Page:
By Christopher White, National Correspondent
NEW YORK — A decision last spring by the Trump administration to cut off humanitarian assistance to Central America is exacerbating the COVID-19 pandemic for a number of countries in the region, according to Catholic field workers.
In an effort to curtail migration, more than $400 million in Central American aid was withheld by the U.S. government by last fall, leading those on the ground to fear that it will handicap the region’s recovery and likely have the unintended consequence of forcing future migration.
Paul Townsend, the Catholic Relief Services (CRS) country representative for Guatemala, told The Tablet that the country has the greatest food insecurity in the region and the pandemic has made those suffering even more vulnerable.
He described a situation of chronic malnutrition among children, severe drought, and plummeting commodity prices – all posing particular challenges for young children, single mothers, the disabled and the elderly.
“They live off raising corn and beans and a little bit of livestock,” said Townsend, with many workers temporarily migrating within the country, and more recently to Mexico and the U.S, doing off seasons to make ends meet.
One of CRS’s most successful programs which provided cash transfers to 4,600 families during the most vulnerable months of harvesting seasons was funded by U.S. humanitarian assistance – which was brought to an abrupt halt a year ago.
Many of these families were forced to sell off livestock and the tin on their roofs to survive, leaving them with even less capital, said Townsend.
“This was the first time in 30 years with CRS that I’ve seen humanitarian assistance blocked as part of a political decision,” he recalls, noting that the decision targets the very people who then become forced to migrate.
Fast forward to a year later, the COVID-19 pandemic means that access to food outside of the country is limited, workers are unable to move within the country to seek new work, and now the U.S. government is deporting detainees who are carrying the virus back to the country, thus furthering its spread.
“There’s no social safety net to attend to people who are coming in during a very vulnerable moment in their life,” Townsend observed. “I feel like we’re being set back decades in the work that’s been done because all of a sudden we’re having to move very quickly to relief mode.”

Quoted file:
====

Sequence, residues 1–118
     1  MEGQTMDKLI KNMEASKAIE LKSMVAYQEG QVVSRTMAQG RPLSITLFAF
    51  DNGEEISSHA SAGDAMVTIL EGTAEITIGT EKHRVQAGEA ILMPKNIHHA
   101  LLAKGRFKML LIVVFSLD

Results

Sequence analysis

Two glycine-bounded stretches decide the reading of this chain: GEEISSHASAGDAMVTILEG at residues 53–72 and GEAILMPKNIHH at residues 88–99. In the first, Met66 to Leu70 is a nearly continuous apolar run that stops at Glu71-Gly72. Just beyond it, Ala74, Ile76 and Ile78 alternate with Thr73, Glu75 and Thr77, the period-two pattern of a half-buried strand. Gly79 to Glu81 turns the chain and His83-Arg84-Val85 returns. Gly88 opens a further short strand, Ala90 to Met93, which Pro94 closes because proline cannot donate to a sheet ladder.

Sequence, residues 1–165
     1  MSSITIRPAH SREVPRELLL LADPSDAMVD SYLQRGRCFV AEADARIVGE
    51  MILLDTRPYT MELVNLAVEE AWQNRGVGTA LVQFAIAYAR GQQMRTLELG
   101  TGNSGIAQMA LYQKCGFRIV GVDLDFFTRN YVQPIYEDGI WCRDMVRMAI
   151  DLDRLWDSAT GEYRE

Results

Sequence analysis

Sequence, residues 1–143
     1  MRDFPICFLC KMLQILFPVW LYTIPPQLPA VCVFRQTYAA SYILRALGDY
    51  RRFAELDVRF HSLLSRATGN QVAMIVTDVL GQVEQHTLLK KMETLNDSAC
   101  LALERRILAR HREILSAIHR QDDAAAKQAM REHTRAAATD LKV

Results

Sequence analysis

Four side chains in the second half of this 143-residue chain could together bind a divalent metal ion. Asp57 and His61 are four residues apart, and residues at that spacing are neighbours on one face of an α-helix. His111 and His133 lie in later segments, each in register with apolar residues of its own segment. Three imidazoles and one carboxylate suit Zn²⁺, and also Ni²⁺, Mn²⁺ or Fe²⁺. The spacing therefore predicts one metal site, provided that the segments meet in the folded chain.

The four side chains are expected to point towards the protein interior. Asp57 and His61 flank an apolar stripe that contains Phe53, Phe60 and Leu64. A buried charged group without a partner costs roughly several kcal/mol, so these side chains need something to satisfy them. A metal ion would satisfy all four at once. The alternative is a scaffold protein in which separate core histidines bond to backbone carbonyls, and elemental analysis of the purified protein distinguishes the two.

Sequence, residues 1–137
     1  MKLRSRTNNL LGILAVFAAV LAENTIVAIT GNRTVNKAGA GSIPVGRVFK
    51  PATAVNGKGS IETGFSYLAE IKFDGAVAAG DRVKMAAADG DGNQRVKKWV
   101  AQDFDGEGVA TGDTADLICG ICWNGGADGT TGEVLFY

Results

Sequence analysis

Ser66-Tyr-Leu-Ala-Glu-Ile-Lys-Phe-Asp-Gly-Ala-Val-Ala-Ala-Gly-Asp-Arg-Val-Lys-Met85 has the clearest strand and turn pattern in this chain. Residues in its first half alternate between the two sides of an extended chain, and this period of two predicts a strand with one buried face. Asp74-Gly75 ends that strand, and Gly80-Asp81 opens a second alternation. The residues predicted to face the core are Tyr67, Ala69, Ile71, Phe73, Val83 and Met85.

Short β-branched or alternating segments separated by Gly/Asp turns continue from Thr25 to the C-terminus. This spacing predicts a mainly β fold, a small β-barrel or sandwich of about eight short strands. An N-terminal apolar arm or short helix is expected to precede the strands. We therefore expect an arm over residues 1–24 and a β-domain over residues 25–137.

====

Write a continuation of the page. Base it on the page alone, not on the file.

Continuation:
Rick Jones, a youth and migration advisor In Latin America and the Caribbean for CRS, describes a similar situation in El Salvador and Honduras.
He told The Tablet that as El Salvador braces for the approaching rainy season, the food insecurity will likely be heightened. He’s also worried about the country’s healthcare system being overwhelmed, noting that before the pandemic there were only 100 ICU units available in a country of over 6 million people.
Jones fears that the current state of the shelters – where infected patients and those being quarantined are all sleeping in the same space in bunk beds – risks turning the facilities into breeding grounds for the virus.
Both Townsend and Jones believe that if the United States is interested in both helping the region and stemming the spread of the virus globally, they should immediately release the funding to Central America.
While the U.S. government announced last month that they would release $258 million in funding for the region, it would go toward law enforcement and security, rather than humanitarian and anti-poverty assistance. Townsend and Jones believe this is a mistake and goes against both regional interests, as well as that of the U.S. government.
Townsend told The Tablet that while some skeptics of foreign aid are wary of allowing foreign governments to direct funding due to the possibility of corruption, it’s all the more reason that funds should be directed to humanitarian assistance programs like CRS, which has been in the region for over 50 years and has the expertise to ensure funds get in the hands of those who need it most.
He also says it’s important to remember that foreign humanitarian assistance accounts for less than one percent of the nation’s overall budget, and he believes that when people understand how that money is being spent – such as supporting programs like those of CRS – that they become much more supportive of it.
“If Central America is to recover quickly, they’re going to need an injection of a lot of the money for standard humanitarian projects that can be directed at good security and helping the poorest,” Jones told The Tablet.
“The fact that the United States continues to deport people in a region where they’ve cut off aid, makes it very difficult for countries to respond,” he continued, adding that there’s a tragic irony at play here: In an effort to stem migration, by cutting off funding for the region, the U.S. is risking creating a new wave of migrants heading north.
“If there is no US support for these people, there’s a boomerang effect where people are going to get desperate and say I have no other opportunity but to migrate,” said Jones. “It’s just going to refuel the cycle all over again.”